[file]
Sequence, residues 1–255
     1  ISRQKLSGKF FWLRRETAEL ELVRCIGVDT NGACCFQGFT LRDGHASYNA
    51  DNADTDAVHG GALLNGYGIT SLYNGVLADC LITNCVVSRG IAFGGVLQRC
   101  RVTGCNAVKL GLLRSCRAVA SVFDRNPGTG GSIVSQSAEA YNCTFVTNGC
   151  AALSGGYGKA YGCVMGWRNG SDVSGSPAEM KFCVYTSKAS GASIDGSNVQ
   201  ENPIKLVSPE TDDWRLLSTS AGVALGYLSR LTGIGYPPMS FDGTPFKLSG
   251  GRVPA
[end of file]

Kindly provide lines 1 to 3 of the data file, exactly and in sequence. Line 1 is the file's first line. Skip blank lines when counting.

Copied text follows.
Sequence, residues 1–255
     1  ISRQKLSGKF FWLRRETAEL ELVRCIGVDT NGACCFQGFT LRDGHASYNA
    51  DNADTDAVHG GALLNGYGIT SLYNGVLADC LITNCVVSRG IAFGGVLQRC